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Posted : September 14, 2011 10:15 am
stxrocks
(@stx_rocks)
Advanced Member

Regarding comment on STX Home Depot having large solar array... Today on the radio I heard an announcement that the Rohlson airport in STX had spent something like $2-3mm on a solar array that will save them $35K per month. Governor De Jongh talked about how going green will set a good example for our children. Guess when even the government (VIPA) decides WAPA is too expensive, us peon citizens should maybe wake up & listen? Had a chuckle over that one... LOL

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Posted : September 15, 2011 8:40 pm
STXBob
(@STXBob)
Trusted Member

stxrocks: Do you mean the Cyril E. King Airport on STT? They just installed a solar system. I haven't heard of solar at the STX airport.

http://stcroixsource.com/content/news/local-news/2011/09/14/governor-flips-switch-airports-solar-powered-system

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Posted : September 15, 2011 8:58 pm
sugarlander
(@sugarlander)
Advanced Member

Form the VI Daily News:

Island Dairies to close after 52 years; 25 jobs to be lost

When the dairy opened its new plant in Sion Farm in 1985, its monthly utility bill was about $6,000, Schuster said. Now, its monthly V.I. Water and Power Authority bill is about $25,000, he said.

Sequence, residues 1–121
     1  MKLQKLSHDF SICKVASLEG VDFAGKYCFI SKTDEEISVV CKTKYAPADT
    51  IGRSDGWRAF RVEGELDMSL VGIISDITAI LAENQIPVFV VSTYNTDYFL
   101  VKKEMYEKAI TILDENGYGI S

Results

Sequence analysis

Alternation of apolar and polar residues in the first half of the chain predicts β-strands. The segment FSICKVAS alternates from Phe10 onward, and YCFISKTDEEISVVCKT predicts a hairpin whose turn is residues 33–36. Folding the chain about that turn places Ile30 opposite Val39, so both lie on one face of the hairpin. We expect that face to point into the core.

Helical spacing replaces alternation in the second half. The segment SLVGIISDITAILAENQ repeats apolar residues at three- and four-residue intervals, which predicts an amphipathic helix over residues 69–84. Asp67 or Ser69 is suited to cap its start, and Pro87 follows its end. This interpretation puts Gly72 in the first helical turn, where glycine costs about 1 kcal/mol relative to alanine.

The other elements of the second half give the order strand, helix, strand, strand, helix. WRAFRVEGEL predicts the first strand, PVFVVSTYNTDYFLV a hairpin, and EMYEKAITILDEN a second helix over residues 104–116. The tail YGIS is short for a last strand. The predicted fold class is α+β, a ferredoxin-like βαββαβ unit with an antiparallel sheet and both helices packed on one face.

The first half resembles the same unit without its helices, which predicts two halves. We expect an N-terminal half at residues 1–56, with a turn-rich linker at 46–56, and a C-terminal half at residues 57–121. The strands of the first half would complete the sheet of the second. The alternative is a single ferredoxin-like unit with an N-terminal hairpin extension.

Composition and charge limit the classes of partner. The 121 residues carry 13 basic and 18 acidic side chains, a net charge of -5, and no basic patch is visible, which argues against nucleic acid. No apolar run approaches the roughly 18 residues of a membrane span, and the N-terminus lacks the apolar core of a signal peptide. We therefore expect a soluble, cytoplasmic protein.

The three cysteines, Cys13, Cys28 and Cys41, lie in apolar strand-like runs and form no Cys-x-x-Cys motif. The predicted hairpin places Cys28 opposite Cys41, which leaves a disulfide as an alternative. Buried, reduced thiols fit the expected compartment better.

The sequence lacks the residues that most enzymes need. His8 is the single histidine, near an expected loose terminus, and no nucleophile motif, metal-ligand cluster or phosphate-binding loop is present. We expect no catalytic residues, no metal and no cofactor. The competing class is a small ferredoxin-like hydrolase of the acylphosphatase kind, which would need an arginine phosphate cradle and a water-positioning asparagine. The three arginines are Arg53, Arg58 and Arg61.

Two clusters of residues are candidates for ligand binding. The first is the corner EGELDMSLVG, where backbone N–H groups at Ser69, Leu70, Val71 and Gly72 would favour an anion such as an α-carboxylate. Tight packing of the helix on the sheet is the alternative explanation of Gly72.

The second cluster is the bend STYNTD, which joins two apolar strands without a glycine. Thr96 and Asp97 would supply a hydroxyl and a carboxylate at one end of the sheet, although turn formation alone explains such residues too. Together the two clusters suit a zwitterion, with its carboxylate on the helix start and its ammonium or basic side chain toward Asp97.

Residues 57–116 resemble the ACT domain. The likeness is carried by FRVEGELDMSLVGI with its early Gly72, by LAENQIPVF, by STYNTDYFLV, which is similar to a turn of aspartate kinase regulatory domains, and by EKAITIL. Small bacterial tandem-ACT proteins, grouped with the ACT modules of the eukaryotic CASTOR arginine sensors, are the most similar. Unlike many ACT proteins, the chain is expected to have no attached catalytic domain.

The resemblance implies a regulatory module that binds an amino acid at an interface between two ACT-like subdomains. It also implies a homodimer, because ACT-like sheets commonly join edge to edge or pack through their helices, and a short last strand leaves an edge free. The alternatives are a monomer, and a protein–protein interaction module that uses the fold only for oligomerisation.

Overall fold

Read more: http://virginislandsdailynews.com/news/island-dairies-to-close-after-52-years-25-jobs-to-be-lost-1.1204282#ixzz1YD1xye00

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Posted : September 17, 2011 11:43 am
STXBob
(@STXBob)
Trusted Member

With all the problems of doing business in the USVI mentioned in that article, we're lucky to have Island Dairies for as long as we did.

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Posted : September 17, 2011 12:24 pm
shdoug
(@shdoug)
Advanced Member

A comment on why buildings are so cold. I do A/C repairs, installations, and system design by trade.

So many times A/C systems are oversized here in the islands for various reasons. Most commonly, guys want to sell a bigger system and make more money, or they just don't know how to calculate the load.

But when systems are too large and the fan runs continuously such as in a commercial building, the compressor run time is too short to allow time for the coil to become saturated and remove sufficient amounts of humidity. When the compressor cycles off, all of the moisture on the coil evaporates back into the building. So businesses turn the setpoint down to keep the compressors running and keep the humidity down.

Humidity is a far greater factor than most people realize. When it gets above 55%, mold, spores, bacteria, and dust mites flourish. Over cooling the space to keep the humidity down is also a HUGE factor in the energy costs of a commercial building.